No other religions were mentioned on the bingo cards. Pereles, who is Jewish, took it as another example of people forgetting that many faiths are observed in America other than Christianity. She wondered why the library didn’t provide a more general prompt like “read a religious book” or “read a book on spirituality” instead.
Pereles took her frustrations to Facebook, where she vented about the prompt and asked friends whether she was over-reacting. No, they said. Some shared the complaint on their own social media pages and tagged the library system demanding a response.
One came almost immediately.
“I was very surprised at how quickly it went from me to some other people and to the library,” Pereles said. “I honestly didn’t think anything was going to happen.”
The cards were replaced with a new version that does not have the Christian fiction prompt. In its place the square now says, “Check out a cookbook.”
A spokeswoman for the library system did not grant an interview, but sent a statement to The Atlanta Journal-Constitution acknowledging the bingo game was updated after people on social media complained the cards encouraged reading about one religion over others. That wasn’t the intent and new cards were distributed to all branches last week, the statement said.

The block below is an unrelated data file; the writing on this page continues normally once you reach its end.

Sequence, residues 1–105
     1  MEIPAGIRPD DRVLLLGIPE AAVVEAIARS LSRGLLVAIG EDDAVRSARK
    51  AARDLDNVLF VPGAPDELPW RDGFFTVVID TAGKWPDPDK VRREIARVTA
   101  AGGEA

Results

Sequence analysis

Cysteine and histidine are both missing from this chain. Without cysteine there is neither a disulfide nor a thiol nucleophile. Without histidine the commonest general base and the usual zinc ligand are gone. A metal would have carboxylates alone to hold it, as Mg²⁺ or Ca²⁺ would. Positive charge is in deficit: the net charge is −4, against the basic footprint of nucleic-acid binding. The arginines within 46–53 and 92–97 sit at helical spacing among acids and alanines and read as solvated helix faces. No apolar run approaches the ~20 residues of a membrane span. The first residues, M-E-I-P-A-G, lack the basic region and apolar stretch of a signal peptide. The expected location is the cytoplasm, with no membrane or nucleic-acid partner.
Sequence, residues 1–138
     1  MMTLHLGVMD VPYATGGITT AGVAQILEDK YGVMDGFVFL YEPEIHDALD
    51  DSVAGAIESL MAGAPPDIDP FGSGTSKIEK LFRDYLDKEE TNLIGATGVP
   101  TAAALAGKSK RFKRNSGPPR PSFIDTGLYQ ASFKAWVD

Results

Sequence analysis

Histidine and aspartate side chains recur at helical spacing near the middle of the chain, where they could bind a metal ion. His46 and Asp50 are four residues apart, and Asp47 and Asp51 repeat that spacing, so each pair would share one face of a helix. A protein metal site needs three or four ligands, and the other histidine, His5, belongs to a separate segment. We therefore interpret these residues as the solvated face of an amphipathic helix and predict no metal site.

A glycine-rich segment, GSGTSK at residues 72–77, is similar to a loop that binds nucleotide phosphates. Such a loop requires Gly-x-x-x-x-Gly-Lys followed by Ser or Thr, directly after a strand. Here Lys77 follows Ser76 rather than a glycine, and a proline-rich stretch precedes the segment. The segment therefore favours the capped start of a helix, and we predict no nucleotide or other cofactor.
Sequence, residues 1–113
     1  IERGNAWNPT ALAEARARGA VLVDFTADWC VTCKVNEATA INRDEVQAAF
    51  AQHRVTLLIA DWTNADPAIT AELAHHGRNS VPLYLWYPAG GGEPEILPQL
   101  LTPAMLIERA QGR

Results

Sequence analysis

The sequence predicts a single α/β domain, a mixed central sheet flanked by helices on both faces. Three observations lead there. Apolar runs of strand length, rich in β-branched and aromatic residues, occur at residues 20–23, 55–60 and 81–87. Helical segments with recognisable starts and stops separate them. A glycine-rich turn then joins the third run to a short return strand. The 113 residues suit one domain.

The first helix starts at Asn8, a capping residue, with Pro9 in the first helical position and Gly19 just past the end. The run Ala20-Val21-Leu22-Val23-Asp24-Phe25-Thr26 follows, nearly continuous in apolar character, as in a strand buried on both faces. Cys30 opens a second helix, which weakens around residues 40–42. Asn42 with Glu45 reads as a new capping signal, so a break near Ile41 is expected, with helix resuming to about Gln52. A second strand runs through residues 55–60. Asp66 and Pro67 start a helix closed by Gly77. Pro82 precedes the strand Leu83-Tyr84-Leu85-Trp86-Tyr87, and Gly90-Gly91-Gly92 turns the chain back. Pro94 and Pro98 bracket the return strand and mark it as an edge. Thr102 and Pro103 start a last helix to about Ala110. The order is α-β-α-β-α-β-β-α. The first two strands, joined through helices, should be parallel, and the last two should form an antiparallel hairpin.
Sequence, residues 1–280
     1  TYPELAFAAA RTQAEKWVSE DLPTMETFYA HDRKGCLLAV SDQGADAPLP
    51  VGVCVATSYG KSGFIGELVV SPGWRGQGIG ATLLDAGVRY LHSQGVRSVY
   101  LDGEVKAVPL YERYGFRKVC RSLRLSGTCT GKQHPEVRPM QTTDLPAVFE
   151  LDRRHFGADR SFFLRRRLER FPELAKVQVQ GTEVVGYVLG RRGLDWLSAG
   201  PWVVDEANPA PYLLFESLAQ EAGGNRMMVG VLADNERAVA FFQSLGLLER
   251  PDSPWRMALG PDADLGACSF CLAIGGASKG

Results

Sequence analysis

“The Christian fiction square represented a genre in our collection and has since been removed from the card,” the statement said. “The DeKalb Library offers many genres of reading material that adhere to our diverse community and religions.”
The same bingo cards were printed last year, and the library didn’t receive any complaints, according to the spokeswoman.
Leah Fuhr was one of Pereles’ friends who saw the post and asked the library to respond. Also Jewish, she said Christians often fail to understand how much Christian faith is privileged in American society, such as having days off for major religious holidays.
The bingo cards were offensive to people who would not want to read Christian fiction, either because they are of another faith or have no faith at all, Fuhr said.
“I try to bring awareness to the community and to people I surround myself with that not everybody is Christian,” Fuhr said. “And if we’re trying to reference religion or faith in general, we should be more inclusive and use our words carefully to be more inclusive of other faiths, other cultures, other religions. People that might think differently.”